What European Telcos’ Funding Woes Mean for U.S. Businesses

The EU is struggling to deploy 5G, fiber networks, and edge cloud options, all of which are needed to fuel global commerce. Some are still pushing the "Fair Share" Plan, but the EC seeks more - and more private investments to close the gap between the U.S. and Asia.

4 Min Read
EU broadband efforts expand
(Credit: John Keates / Alamy Stock Photo)

The “State of Digital Communications 2024” report by the European Telecom Network Operators (ETNO), a trade association with 160 members, discussed the hotly contested Fair Share plan. Based on research by Anaylsys Mason, it raises serious questions as to how to best meet regulatory goals for fiber broadband deployment and 5G.

Under the plan, content companies, which they claim together make up over half of their network data use, should pay more to fund network advancement. Google, Meta, Microsoft, Amazon, Apple, and Netflix could be the most adversely affected by the creation of usage fees.

Meta railed against the plan last year, and there was relative silence because policy makers decided against filing legislation. ETNO has not given up. It pushes Fair Share as a core means of raising funds to help telcos pay for much-needed investments.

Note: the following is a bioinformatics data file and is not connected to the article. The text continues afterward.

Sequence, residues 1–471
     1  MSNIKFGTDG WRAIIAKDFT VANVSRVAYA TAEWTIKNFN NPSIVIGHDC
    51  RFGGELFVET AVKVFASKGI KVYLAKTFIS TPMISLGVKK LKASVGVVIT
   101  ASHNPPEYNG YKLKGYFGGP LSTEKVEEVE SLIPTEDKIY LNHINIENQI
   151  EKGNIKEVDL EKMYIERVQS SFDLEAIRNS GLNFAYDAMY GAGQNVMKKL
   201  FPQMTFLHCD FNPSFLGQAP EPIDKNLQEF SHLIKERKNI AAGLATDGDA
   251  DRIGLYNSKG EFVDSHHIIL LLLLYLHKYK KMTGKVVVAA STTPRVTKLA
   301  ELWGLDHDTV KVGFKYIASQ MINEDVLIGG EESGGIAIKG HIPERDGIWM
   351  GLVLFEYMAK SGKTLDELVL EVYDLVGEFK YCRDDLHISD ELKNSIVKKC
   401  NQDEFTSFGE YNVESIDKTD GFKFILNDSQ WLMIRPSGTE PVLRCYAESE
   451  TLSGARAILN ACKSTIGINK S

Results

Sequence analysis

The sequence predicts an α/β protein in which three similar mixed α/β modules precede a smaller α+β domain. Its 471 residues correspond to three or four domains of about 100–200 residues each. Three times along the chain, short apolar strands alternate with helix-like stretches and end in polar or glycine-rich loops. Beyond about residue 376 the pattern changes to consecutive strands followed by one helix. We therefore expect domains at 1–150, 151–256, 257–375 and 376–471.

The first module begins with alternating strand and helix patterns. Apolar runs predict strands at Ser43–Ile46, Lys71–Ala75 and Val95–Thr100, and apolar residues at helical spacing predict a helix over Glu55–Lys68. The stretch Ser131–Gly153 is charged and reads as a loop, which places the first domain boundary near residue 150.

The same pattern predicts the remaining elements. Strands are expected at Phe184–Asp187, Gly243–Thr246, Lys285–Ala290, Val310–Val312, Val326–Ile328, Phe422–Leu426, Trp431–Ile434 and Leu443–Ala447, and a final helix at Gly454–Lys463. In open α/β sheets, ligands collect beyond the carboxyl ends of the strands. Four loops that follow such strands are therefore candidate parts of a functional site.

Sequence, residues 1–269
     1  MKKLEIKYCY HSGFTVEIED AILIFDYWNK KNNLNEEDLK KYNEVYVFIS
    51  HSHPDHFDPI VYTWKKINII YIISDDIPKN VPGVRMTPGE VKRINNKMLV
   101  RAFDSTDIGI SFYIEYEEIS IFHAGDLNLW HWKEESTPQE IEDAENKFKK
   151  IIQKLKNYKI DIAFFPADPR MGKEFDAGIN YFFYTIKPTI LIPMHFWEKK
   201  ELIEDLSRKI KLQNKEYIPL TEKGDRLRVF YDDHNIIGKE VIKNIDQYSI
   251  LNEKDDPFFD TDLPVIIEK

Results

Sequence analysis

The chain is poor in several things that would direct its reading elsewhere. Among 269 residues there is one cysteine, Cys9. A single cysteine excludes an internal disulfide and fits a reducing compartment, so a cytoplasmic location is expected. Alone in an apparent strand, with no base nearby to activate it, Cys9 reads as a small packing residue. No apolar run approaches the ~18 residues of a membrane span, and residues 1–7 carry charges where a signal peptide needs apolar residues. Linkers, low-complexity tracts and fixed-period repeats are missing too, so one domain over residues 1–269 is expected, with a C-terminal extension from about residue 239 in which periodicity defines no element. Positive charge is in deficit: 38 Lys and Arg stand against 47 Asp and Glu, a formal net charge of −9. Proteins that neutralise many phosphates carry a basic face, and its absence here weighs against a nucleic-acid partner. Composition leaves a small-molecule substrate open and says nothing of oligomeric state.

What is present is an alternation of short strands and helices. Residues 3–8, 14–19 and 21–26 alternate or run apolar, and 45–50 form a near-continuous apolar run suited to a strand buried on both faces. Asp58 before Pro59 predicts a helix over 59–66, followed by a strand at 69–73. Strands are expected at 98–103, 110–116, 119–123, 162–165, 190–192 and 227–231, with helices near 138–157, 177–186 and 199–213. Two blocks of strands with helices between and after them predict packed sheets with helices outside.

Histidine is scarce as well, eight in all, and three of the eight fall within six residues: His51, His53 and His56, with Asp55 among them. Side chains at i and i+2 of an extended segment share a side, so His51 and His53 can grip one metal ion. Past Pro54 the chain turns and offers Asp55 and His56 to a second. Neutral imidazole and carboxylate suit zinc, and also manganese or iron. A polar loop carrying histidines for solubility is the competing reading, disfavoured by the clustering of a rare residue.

“It’s our position that this policy would undermine most of the principles of the Internet Way of Networking that make the Internet valuable to all of us,” wrote the Internet Society. "We believe that this isn't just a policy that would also contribute – at its core -to the intentional fragmenting of the Internet, which would service nobody."

U.S. Enterprise Impact

Where does the ongoing European situation leave enterprises based in the U.S.? “Businesses looking to add new facilities or branch offices need to be aware that they won’t have the same service choices they have here in the U.S,” cautioned Jeff Heynen, Vice President of Broadband Access and Home Networking for Dell’Oro Group, a technology research and consulting firm. “For example, 5G Fixed Wireless Access barely exists in Europe.”

IT leaders need to understand other limitations when considering expansion into Europe. "Further, service tiers and service level agreements will often not be as robust as they are in the U.S. due to the fact that competition in certain markets continues to be limited," explained Heynen. "Residential ARPU is low compared to the U.S. That is one reason European telcos are looking to Fair Share."

European Commissioner Looks Beyond Fair Share

“Some have tried to reduce the issue of investment to a battle over the “fair share” between Big Telco and Big Tech. A binary choice between the vested interests of those who provide networks today and those who currently feed them with the traffic,” wrote Thierry Breton, European Commissioner for Internal Market, in a LinkedIn post.